Academy for Social-Emotional Learning in Schools

Social-Emotional Learning as a Pathway to Student Well-being, Confidence, and Success

  • May 16, 2017
  •    BY Connie Sanchez (Contributor)
happy-students

By Connie Sanchez, Executive Director, Unity Charter School, Morristown, NJ

Building a positive climate to reinforce a student’s Social and Emotional Learning (SEL) has been part of Unity Charter School’s culture and climate since its inception in 1998. Unity Charter School is located in Morristown, New Jersey and is a K-8 school. As a Positive Discipline school, we strive to ensure all of our students thrive academically, while developing the social-emotional skill set to be successful well beyond their Unity years.

At Unity Charter School, we understand the importance of social and emotional learning for the student’s wellbeing and as an important factor in contributing to a student’s confidence and success as a learner and as an active member of the school community. We strive to create relationships that allow our students to form positive attachments with each other and with adults, and to thrive. In addition, we are equally committed to maintaining a positive climate in which all stakeholders are supported. Teachers are supported with Positive Discipline professional development throughout the year and regularly scheduled sessions in which teachers help teachers to resolve problems with individual students in the classroom, self reflect, and expand their own skills. Parents are offered free workshops and ongoing opportunities to bring SEL concepts into the home environment.

We teach self-awareness, self-regulation, conflict resolution and reflective decision making skills throughout the school day by taking the time with students to model behaviors, use self and other affirming language, and make positive choices. Experiential integration is an important factor in supporting internalization of what we teach and practice during more structured class time, and during whole school meetings. We value our students’ competencies as learners and provide instructional opportunities that reinforce self-efficacy through collaboration, exploratory learning, questioning, and discovery. This instructional approach invites teachers to facilitate the learning process while students are trusted to construct meaning independently or collectively.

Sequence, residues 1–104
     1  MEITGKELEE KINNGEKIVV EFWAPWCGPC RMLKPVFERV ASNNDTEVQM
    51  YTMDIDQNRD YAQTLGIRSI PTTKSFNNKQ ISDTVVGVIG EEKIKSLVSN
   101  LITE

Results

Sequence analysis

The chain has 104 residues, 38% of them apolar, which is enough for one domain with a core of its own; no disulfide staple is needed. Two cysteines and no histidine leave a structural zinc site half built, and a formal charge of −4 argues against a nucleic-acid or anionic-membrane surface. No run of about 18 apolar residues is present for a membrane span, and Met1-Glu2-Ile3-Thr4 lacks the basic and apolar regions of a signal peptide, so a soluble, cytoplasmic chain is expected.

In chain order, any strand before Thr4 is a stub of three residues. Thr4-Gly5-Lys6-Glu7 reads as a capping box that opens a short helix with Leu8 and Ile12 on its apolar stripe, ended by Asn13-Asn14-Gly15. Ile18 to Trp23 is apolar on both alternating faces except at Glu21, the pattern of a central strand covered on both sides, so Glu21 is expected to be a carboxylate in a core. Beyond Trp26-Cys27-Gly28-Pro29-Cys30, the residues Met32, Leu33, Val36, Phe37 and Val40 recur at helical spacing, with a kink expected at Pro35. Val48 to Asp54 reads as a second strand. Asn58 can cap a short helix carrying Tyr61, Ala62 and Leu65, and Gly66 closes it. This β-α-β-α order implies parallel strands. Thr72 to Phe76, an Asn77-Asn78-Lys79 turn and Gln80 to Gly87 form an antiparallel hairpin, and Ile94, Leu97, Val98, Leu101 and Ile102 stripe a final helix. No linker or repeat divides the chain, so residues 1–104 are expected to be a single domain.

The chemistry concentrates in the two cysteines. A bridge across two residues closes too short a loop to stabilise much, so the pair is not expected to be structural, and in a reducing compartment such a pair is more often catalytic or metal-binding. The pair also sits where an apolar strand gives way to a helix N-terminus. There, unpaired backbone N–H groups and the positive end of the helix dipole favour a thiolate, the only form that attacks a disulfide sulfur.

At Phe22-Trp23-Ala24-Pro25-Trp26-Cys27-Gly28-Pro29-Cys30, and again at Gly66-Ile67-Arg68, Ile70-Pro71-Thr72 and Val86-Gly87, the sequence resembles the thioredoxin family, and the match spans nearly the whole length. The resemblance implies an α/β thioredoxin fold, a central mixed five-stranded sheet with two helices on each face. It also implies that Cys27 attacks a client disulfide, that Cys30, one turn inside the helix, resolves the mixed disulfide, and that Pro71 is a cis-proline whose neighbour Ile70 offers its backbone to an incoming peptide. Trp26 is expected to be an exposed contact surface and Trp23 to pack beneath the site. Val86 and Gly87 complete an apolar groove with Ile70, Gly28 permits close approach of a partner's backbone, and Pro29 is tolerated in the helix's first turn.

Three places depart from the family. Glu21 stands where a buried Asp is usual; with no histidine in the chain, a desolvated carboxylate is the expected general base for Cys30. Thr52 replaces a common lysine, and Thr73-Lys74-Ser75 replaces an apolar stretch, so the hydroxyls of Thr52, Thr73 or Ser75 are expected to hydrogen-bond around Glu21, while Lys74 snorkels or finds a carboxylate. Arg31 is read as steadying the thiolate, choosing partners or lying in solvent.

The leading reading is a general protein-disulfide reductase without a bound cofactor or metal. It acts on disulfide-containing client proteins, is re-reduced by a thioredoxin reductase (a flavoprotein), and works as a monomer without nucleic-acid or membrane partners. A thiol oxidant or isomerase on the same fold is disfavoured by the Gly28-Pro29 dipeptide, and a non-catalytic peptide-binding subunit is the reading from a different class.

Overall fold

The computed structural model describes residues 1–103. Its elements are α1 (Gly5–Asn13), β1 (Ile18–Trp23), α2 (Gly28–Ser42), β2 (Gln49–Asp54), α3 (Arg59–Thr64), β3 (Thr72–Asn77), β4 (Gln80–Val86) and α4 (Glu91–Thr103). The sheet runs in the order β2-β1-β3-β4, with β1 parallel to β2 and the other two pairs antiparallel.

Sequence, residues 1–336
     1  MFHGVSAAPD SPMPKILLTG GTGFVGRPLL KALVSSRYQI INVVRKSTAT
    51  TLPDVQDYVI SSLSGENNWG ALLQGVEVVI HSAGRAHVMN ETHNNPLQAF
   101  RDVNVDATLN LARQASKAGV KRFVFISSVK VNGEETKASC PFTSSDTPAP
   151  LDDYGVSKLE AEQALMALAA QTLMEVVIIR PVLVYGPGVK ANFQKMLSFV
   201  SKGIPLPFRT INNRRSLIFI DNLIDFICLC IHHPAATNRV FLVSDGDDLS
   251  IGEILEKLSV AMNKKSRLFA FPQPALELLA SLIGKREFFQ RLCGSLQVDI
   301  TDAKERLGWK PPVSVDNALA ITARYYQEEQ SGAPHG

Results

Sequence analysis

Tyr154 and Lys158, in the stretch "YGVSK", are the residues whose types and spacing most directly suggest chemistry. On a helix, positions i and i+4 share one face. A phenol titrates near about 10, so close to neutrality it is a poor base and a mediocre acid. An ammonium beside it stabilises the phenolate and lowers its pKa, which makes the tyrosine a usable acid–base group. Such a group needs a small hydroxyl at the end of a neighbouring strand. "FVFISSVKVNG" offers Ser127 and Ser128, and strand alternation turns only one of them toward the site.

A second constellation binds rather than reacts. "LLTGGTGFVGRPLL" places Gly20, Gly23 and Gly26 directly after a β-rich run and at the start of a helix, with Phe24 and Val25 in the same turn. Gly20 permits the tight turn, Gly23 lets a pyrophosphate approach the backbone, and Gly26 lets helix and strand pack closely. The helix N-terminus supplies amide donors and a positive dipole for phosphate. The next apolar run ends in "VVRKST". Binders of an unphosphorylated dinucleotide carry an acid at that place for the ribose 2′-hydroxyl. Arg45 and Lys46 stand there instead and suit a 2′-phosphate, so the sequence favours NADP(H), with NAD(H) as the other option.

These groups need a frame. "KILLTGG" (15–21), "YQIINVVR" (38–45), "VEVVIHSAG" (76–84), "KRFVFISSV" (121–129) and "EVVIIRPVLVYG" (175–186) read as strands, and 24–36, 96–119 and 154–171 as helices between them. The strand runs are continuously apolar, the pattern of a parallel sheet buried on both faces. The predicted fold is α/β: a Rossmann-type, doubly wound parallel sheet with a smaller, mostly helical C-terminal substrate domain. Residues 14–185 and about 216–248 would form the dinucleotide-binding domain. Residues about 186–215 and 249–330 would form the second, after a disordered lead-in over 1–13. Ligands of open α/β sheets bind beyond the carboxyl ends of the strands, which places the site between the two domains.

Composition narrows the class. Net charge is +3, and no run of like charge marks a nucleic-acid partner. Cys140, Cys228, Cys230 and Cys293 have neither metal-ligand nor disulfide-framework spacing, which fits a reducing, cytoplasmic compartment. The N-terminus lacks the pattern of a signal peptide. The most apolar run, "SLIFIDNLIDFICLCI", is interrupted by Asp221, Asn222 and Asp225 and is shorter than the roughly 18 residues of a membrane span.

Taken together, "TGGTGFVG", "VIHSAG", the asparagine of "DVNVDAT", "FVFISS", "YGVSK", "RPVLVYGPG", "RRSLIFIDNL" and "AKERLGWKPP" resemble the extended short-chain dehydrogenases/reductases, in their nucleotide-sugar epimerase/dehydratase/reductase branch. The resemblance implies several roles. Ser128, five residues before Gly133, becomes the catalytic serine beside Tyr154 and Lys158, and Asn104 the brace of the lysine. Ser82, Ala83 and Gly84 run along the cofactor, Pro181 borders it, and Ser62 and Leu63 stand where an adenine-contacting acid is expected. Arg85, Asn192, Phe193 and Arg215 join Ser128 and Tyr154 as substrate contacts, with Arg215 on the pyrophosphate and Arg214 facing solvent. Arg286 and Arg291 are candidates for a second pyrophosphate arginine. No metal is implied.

Unity Charter School does have more formal, structured times for students to learn, explore and practice social-emotional skills through daily 30 minute class meetings and whole school meetings.   Younger students in the lower school begin each day with a community meeting. During this time students compliment and acknowledge each other. They are introduced to visitors in the school, and celebrate special occasions in each other’s lives (e.g., birthdays, a sports victory, or a community service project). Class meetings provide daily opportunities for students and teachers to form relationships, to be seen as individuals, to understand cultural differences and to learn and practice new social skills in a supportive environment.

At Unity, we provide students many opportunities to develop their voices and to be heard. Students participate in Democratic Governance, make suggestions for improving campus life, and have their own Climate and Culture team. The administration and faculty has an open door policy where students are ecouraged to present ideas, voice concerns, or talk about challenges they face at home or at school.

We are aware that students come through our doors with histories and life challenges that may impede their abilities to learn these skills and we have developed a system of supports to help build trust and feelings of safety. One prevalent reason children struggle seems to be exposure to childhood trauma. Trauma -related experiences (particularly in childhood), undermine attachments, thereby creating a cycle of further trauma, intra psychic distress and alienation from sources of support.

To address this, we adopted a no suspension policy. Students who are struggling with secure attachment in school don’t benefit from being home suspended. Research indicates the contrary. At Unity students receive an alternative learning space assignment. They may spend the day with the Dean of Students, the Director of Curriculum or the Executive Director. This depends on who has an established relationship with the child. The day is spent doing classwork. This prevents a child from getting further behind and provides an opportunity to have heartfelt conversations with an adult they trust in school and to reflect on what has happened. The reflection continues that evening at home with the parent. In more extreme situations, Unity Charter School has established relationships with community resources. Support outside of school is coordinated with our Dean of Students, a member of our Special Education department and our School Counselor, whose primary job is counseling students.

Mutual respect, self-advocacy, and a sense of trust in the adults that surround them instills a willingness in our students to dare to be themselves in an atmosphere of acceptance while developing empathy and awareness for others. This frees them to delve into their passions and set a course for the future that reflects who they are as individuals who also have the ability to work collaboratively with others towards a common goal.

Connie Sanchez, Executive Director

EMAIL CONTACT: Connie.Sanchez@UnityCharterSchool.org

 

    • May 16, 2017
  •    BY Connie Sanchez (Contributor)
  • 0 0